By Charles Morgan and Hubert Walker for PCGS ……
[Editor’s note: This column originally appeared in the PCGS E-Collector newsletter on May 7, 2013 and has been updated to its current form. —CoinWeek]
While the pomp and circumstance surrounding the launch of the 50 State Quarters program is over two decades behind us, it is hard to conceive of any future program that will have as large an impact on American coin collecting.
As children of the 1970s and ’80s, the coin that brought us into the hobby was the 1776-1976 Bicentennial quarter, with the famous reverse designed by Jack Ahr. And without that quarter and the lessons learned from its production, the 50 State Quarters program would never have existed. But that coin (along with the Bicentennial Kennedy half dollar and Eisenhower dollar) was chump change compared to the State Quarter program.
The program was born with the Citizens Commemorative Coin Advisory Committee and didn’t become law until United States Mint Director Philip Diehl (a former CCCAC Chair) was able to convince Congressional leaders to back the plan. Diehl points to Mike Castle, the U.S. representative from Delaware, as one of the bill’s key supporters. Castle stood to benefit from the program as his state would be the first one commemorated since the states would be honored at a rate of five per year in order of their admittance into the Union.
So in 1997, one year after it was initially proposed, the House and the Senate passed the bill into law. The first quarters were released in 1999* to great fanfare and the immediate frenzy of speculators.
When Diehl was nominated to direct the Mint in 1994 by President William Jefferson Clinton, he saw the need to transform the Mint bureaucracy on a management level and to streamline the means of production. All of this was necessary, Diehl told us in a phone interview, to give the Mint the capacity to pull off the ambitious quarter program. The Denver Mint needed a die shop and the Mint, in general, needed more efficiency from the presses – efficiency made possible by the Schuler press, which produced more coins using fewer dies.
The Mint also had to get on board with creating a circulating product that fostered collecting. Something like the 50 State Quarters program would have been unthinkable just 30 years prior when U.S. Mint leadership was sure that collectors were causing a nationwide coin shortage. Besides threatening to pursue anti-collector legislation, the Mint of the 1960s stopped production of Proof and Mint sets, eliminated mint marks, and delivered lasting damage to the hobby by instituting a date freeze.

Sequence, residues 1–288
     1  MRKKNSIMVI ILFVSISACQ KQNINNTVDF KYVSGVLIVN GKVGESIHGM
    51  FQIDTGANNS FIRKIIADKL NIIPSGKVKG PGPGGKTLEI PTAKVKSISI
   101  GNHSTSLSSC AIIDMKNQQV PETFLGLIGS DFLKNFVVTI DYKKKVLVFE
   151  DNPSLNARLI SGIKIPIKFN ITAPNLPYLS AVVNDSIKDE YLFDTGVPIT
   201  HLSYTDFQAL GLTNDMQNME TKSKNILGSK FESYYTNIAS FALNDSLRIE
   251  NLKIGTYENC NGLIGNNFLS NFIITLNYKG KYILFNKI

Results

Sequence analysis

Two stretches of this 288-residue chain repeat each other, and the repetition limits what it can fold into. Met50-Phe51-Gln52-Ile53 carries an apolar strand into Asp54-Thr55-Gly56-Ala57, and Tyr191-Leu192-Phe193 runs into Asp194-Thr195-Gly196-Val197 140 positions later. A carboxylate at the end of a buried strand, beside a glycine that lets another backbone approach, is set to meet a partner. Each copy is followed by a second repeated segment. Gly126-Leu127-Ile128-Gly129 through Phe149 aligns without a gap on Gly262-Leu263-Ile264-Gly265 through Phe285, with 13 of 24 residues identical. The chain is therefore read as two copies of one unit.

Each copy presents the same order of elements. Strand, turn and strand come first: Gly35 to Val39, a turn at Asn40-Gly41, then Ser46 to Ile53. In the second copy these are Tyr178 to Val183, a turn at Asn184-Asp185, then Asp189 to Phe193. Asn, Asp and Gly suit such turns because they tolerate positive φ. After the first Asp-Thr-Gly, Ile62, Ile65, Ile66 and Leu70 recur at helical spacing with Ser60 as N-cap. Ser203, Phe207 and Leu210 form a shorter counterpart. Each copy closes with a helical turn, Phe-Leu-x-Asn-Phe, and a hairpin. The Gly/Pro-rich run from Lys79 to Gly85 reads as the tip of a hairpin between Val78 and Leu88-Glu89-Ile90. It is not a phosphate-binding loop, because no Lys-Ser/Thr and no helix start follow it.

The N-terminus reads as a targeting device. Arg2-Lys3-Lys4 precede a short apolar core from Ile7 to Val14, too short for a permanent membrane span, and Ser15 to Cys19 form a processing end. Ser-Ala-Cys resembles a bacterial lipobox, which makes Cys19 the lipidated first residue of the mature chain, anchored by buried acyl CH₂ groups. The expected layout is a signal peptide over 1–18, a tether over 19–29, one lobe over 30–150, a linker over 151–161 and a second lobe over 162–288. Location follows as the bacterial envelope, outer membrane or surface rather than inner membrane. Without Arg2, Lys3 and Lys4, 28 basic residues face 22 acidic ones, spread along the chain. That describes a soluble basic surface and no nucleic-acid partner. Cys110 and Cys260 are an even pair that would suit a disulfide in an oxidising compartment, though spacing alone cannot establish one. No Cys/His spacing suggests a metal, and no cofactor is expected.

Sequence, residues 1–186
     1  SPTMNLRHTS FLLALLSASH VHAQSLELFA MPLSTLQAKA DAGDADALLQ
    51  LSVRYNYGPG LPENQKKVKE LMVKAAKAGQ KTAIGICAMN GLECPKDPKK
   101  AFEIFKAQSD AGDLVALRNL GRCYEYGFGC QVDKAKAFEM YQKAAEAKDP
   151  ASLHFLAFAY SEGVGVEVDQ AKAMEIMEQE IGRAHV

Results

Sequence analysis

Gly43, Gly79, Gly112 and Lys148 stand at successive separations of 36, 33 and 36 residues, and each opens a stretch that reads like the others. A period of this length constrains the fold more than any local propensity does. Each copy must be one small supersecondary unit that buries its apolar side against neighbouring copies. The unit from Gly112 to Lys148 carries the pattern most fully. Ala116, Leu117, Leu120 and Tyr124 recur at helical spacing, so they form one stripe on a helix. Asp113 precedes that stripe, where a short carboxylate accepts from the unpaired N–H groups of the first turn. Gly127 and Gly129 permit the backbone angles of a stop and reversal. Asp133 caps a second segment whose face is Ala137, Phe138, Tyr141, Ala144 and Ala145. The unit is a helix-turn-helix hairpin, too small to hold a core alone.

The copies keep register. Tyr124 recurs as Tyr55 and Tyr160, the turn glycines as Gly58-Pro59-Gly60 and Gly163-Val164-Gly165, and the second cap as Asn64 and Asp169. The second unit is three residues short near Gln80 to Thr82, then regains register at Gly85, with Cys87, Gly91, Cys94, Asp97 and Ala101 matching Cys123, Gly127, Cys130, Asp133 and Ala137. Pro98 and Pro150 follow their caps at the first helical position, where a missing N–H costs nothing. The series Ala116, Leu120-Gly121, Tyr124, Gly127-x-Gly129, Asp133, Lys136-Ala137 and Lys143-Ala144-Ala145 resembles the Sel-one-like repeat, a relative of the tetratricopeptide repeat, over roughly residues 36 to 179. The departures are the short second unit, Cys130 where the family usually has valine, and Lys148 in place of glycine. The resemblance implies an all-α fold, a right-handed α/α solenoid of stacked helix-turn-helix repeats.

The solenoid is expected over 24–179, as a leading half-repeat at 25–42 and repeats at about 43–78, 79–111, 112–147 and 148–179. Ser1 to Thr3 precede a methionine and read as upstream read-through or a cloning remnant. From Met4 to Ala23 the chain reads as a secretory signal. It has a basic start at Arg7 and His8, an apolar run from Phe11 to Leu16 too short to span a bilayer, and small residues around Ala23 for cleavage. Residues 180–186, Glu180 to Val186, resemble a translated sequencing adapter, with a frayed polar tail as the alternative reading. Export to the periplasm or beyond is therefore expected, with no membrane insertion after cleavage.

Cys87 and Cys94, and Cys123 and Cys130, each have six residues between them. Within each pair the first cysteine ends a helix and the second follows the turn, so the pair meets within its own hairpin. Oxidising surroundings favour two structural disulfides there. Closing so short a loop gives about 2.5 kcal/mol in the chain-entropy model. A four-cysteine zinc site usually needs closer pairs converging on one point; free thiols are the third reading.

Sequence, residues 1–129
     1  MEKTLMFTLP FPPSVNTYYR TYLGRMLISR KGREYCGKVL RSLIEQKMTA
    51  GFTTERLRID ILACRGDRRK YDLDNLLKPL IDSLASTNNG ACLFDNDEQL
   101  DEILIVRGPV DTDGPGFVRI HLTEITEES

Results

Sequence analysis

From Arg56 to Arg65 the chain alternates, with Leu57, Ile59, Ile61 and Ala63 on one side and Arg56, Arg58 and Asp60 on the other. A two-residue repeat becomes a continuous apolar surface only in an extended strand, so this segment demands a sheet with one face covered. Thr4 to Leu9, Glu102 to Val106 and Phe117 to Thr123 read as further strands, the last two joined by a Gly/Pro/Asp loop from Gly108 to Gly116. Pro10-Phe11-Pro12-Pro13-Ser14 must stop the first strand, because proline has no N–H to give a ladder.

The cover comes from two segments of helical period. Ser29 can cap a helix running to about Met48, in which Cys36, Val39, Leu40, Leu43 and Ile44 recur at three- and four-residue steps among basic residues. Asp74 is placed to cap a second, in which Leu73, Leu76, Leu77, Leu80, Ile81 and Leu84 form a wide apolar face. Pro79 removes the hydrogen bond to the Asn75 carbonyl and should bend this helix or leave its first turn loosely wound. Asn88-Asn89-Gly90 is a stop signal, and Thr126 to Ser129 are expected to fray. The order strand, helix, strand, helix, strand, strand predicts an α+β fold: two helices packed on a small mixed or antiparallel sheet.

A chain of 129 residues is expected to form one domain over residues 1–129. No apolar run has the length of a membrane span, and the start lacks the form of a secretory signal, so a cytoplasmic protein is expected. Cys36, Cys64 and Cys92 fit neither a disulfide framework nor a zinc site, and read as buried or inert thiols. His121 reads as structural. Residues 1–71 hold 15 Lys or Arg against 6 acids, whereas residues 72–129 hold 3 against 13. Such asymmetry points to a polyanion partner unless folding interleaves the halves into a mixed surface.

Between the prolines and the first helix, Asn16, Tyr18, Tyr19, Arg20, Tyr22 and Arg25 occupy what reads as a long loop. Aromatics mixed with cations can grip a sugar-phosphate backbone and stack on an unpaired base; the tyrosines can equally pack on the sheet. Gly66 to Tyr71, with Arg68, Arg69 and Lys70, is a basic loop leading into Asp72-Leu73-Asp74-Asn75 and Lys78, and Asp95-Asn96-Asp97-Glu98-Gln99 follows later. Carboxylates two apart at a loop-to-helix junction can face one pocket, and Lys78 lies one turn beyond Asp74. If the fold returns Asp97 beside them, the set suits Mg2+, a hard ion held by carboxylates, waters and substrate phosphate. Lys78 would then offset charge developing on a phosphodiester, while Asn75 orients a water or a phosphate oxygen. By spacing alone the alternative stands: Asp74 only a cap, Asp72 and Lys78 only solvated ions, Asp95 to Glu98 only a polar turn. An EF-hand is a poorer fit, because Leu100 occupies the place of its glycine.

Contrast that with a program that saw the release of 240 different coins (including circulation strikes, satin finish strikes, and clad and silver Proofs) over a period of 10 years.
The finite striking window and the constant new releases meant that the Mint was continuously creating buzz and drawing attention to coins. This, along with myriad forms of promotion used by coin dealers and the rest of the industry, elevated coin collecting to the forefront of American consciousness. The State Quarters effort was a huge success, and seven additional circulating commemorative programs have followed in the years since.
The Program Made Cents
From a design perspective, the coins were a mixed bag.
The Treasury Department famously worried about the “Disneyfication” of American coinage, and one could argue that John Flanagan’s 60-year-old design was compromised by moving the inscriptions from the reverse to the obverse to make room for the rotating reverse designs. Also, the aesthetic qualities of the designs that came out of 50 disparate design processes are more miss than hit.
Nevertheless, these complaints are highly subjective, and the passage of time has a curious tendency to change the way artistic objects are considered.
What’s not in doubt is the excitement the series brought to everyday Americans and how the quarters “planted the seed” of coin collecting in the minds of both young and old. Sophisticated collectors may disdain paying much attention to a series with production runs in the hundreds of millions, but the fact remains that the same 50 State Quarters program that brought millions of people into the hobby – if even just for a short time – will bring many of them back in the decades to come.
In the current numismatic market, we think so much about value, rarity, and condition. Is a coin going to be worth more tomorrow than what we paid for it today? Will the demand be there in the future? Am I buying this coin at the right price?
All of these are worthwhile considerations, but we’d like to add one more: importance.
The 50 State Quarters program may not be worth a whole lot for the time being, and paying significant premiums in order to own a high-grade specimen may be a dubious proposition. But are the coins important? You bet they are. No coin series produced in the past 50 years will prove to be as important for the hobby as this one.
What’s the value of a State Quarter? Generations of great collectors to come.
*Interestingly, the legislation also authorized transitional coinage using the old design to be produced in 1999 bearing the 1998 date: http://www.govtrack.us/congress/bills/105/s1228/text.
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